16 December 2019
As the festive season is now upon us thoughts naturally turn to all things Christmas – and as the big-day approaches there’s nothing better than the thought of having a wonderful Christmas dinner with your family.
But with the sheer amount of food and drink you need to buy for the occasion, getting together everything you need for Christmas dinner can become a costly affair. With that in mind, we’ve compiled a list of useful tips and tricks you can employ to have Christmas dinner on a budget without sacrificing the quality.
1. Buy the Right Amount of food
Sometimes it’s easy to get confused when it comes to estimating the size of your chosen bird or alternative type of meat for the big-day to feed all your guests. As a general rule you should allow for 500g per person when buying your meat option for the meal. Prices of the different meats can vary, but frozen birds or meat options are usually much cheaper than buying fresh. If you’re trying to make Christmas dinner on a budget, you could also add bulk to smaller sized birds with sausage-meat stuffing and extra servings of vegetables.
When shopping for your Christmas meal, make sure to compare the price per kilo of your chosen meat option; so that you’re always buying the most cost-efficient on offer.
Buying your chosen vegetables as loose items tends to be less expensive than bulk packet buys and similarly buying cuts of cheese from the deli rather than pre-cut and pre-packaged options from fridges is also a good idea to save money. Not only is it cheaper, but you can pick the exact number of vegetables or size of cheese you want and prevent unnecessary food waste.
2. Shopping in Advance
In the lead-up to the festive season, why not see if you can pick up bargains and special offers and freeze or store them for cheaper Christmas and New Year meals. This way you can spread your purchases over a couple of months, which is much better than the shock of paying it all in one go in the week before Christmas, especially as you’ll have other expenses to budget for.
Make up a menu plan for the holiday period with a clear idea of what you’re going to cook over a period of days. This may sound like overkill, but it will prevent you buying unneeded items, and it will also ease the inevitable waste that can happen over the festive period as perishable food items go bad and need to be thrown out. Once you have a menu, you can write your shopping list. Do your very best to stick to this list when you’re going through the supermarket aisles and don’t be tempted by special offers or discounts on foodstuffs that you aren’t likely to eat.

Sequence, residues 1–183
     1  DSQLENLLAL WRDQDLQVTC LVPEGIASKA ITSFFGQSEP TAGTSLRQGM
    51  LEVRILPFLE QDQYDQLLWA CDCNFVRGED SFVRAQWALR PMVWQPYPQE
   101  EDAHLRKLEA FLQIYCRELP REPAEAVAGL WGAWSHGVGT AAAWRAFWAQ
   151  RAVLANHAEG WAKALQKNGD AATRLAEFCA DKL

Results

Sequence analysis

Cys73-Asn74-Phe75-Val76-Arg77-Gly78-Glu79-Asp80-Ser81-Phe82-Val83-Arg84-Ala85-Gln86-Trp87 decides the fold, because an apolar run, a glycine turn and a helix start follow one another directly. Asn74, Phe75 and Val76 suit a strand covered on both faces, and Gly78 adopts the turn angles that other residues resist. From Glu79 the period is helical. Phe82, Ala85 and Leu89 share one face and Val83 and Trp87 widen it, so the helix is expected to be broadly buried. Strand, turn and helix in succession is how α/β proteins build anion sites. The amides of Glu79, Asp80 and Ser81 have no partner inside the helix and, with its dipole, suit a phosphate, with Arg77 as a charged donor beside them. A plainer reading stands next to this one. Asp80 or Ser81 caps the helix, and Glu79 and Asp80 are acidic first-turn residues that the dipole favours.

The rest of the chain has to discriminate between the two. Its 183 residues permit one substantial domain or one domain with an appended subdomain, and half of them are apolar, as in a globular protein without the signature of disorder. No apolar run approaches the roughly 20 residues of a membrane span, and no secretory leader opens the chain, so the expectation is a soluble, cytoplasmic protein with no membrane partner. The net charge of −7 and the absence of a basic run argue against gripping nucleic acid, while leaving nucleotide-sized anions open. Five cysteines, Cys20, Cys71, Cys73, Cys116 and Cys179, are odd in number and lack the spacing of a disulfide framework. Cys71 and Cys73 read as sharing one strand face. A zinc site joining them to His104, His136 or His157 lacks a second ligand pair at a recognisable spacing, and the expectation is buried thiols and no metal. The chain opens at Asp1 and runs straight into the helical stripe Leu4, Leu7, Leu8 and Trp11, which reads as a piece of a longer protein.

3. Making Food from Scratch
With the exception of Christmas pudding (which would be more expensive to make yourself), most of the elements of traditional Christmas food can be made from scratch for much cheaper than their store-bought equivalents.
You can easily make a delicious gravy from the leftover parts of the cooked meat; the giblets, roasting juices, flour and then just adding a stock cube should do the trick. Stuffing for the turkey can be easily made from ingredients you already have in your cupboards; from things like breadcrumbs, onion and herbs. For your vegetables, try to go for fresh produce over pre-cut vegetables, as the pre-made varieties are usually much more expensive. Using fresh and store-bought ingredients is a great way to craft a cheaper yet delicious Christmas dinner.
4. Use up Leftovers
If you’ve already decided on your Christmas menu and have been cautious with your shopping list, you’ll probably already have a good idea for how you can best utilise your leftover food. As well as classic standbys like turkey or chicken curry and sandwiches, you can use leftover potatoes, vegetables and supplementary items like stuffing or pigs in blankets to create cheap additional Christmas period dinners for days without spending a penny.
A quick search online can bring dozens of easy (and tasty) recipes you can make from your leftover foods, and you might find that you can craft a whole meal from something that you’d never even thought about reusing in that way.
5. Find Cheaper Alternatives
There are some things that we all think we can’t live without, that make up your traditional Christmas dinner. However, there are several ways you can replace some of these expensive traditions with cheaper alternatives. For example, you could replace smoked salmon with smoked mackerel, or use salmon trimmings to make a cheap salmon pate. As far as alcohol is concerned, you don’t need to buy expensive champagne to make Bucks Fizz; a sparkling white wine is acceptable too. You could also be on the lookout for special offers and discounts on Moneysavingexpert.com for cheaper food and drink alternatives.
Those were just a few basic tips on how you can enjoy a cheaper Christmas dinner without missing out on anything. For more articles on how you can effectively manage your finances, you can visit the Buffa blog here. And if you’re finding that you’re struggling with your finances, you can visit our Debt Advice Hub here, or see how a Buffa loan can help here.